Day 1, Portland, April 18th 2016
I woke to wild daydreams, memories of experiences and choices that brought me here to Portland. My past danced in the darkness behind my eyelids. I grasped at the random images, searching for a beginning to start the narrative of my new life; the life of a traveling storyteller. Real life has no beginning or end, just continuation, but stories cannot exist without a start and a finish.
So where do I begin this new road? Was it in 2009 on my first tour down the Pacific Coast? On that tour I learned that I was capable of carrying the burden of my son, Vasu’s, death. I learned that my pit crew showed up when I was in need and that I did not have to carry the burden alone. I learned that my grief is love and that my love carries on after.
Or perhaps the beginning is when I first thought of this quest? Over a year ago, I sat on Vasu’s beach watching the death of a seabird. It was taking a long time, and there was too much pain, and I just wanted my little seabird to let life go. I was not able to choose to help it die, but I begged with tears and sobs for its relief from pain. Three ravens flew up from the south. They saw my seabird and landed beside it. One raven stabbed my seabird in the neck and then they all three flew back the way they had come. As I watched the body of my seabird float away in the surf I was amazed that kindness could come in the form of horror. I wondered what other forms kindness could take. That was the moment I first wanted to go on my quest, circumnavigating the USA in search of kindness.
Or perhaps the beginning was this last November, when I paced my driveway desperate to find a way out of life, and realized that to find my own happiness I would have to walk away from the life I had been creating.
I opened my eyes to dispel the thoughts, and turned to watch the man I love sleeping beside me. I rested my hand on his chest and felt it rise and fall with each breath. I often watch him as he sleeps, because a part of me still cannot believe I am lucky enough to have him as my beloved.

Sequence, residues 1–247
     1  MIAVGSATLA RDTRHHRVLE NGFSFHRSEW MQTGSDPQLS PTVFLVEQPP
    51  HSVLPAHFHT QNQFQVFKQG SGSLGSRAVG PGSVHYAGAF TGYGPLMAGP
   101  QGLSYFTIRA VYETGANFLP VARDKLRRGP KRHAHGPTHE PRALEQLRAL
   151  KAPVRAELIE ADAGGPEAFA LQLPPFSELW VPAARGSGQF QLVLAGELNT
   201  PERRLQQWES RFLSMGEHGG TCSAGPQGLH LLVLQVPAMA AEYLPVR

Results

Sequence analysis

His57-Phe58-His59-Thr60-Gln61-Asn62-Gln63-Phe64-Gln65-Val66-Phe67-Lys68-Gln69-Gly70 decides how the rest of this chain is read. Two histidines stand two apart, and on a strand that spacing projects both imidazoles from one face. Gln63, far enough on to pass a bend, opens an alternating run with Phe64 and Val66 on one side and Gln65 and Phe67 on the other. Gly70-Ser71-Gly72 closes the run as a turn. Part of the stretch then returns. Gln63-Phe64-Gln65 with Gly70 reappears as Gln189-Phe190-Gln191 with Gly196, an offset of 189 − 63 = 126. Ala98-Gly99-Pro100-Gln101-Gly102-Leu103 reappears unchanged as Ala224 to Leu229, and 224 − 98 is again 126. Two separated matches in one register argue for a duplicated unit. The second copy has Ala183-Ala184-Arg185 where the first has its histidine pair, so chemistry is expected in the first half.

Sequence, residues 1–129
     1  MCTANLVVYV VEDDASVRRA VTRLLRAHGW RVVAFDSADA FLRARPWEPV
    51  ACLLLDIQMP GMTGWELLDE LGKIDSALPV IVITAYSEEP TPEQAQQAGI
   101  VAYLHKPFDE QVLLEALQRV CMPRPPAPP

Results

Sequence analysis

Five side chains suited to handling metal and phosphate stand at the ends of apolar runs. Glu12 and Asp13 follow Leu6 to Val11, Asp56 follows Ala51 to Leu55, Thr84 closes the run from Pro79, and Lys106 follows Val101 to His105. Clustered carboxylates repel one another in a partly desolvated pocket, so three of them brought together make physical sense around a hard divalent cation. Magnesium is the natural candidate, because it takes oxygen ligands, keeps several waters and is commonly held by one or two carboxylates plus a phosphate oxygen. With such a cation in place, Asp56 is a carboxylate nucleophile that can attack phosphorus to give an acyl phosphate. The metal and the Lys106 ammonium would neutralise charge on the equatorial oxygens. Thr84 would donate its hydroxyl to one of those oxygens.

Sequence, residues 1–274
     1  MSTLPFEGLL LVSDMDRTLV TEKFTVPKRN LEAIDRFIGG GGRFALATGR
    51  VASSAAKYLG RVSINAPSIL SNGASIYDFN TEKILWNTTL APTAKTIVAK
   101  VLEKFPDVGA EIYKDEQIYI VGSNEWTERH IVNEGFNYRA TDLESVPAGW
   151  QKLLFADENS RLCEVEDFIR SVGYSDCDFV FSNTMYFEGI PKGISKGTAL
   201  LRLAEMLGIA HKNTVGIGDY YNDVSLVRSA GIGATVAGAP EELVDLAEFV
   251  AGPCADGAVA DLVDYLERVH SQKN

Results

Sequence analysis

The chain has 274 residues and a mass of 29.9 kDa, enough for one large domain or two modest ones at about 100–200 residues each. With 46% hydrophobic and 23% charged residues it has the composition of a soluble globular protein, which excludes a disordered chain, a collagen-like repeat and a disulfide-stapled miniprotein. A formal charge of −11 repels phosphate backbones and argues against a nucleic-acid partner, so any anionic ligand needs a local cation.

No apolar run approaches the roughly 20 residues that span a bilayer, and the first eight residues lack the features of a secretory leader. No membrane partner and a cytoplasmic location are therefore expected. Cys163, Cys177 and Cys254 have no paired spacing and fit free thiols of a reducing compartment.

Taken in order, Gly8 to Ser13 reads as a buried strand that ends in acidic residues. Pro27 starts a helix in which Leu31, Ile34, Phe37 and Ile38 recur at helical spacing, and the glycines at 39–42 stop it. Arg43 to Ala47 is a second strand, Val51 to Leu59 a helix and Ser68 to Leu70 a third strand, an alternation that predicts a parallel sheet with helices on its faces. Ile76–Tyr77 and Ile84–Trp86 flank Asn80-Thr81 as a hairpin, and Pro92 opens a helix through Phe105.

Falling in love had been a surprise to both of us. We had been friends for 27 years and had never fallen in love, so it seemed unlikely that love was something we would find together. And yet, after one of our “wanna-go-get-a-drink-and-gab-about-whatever” evenings, everything changed.
We had always gabbed well. I met him at a homeschooler’s meeting when he was 11 and I was 14. Over the next few years we talked, often, usually on the phone. I would sit in the bathroom and put on makeup, or do my hair, or just sit on the vanity twirling my fingers through the telephone cord. We talked for hours that way. And then for more than a decade we lost touch with each other. We both met our significant others and moved to different parts of the country. When we found each other again we lived on opposite coasts. We talked now and then and discovered that we had lived almost parallel lives, touched by love and loss.
And then this winter we were suddenly both living in Seattle, and we could go out and talk whenever we wanted to. It was like old times. Until that night when we walked out of the lounge and instead of my usual hug and kiss on the cheek goodbye, my kiss landed on his lips. It was just a peck on the lips. Between friends. Except, after that I couldn’t stop thinking about him. And he couldn’t stop texting me. Just one kiss, and our lives transformed. The direction of our lives shifted, like a pinball bouncing off a peg.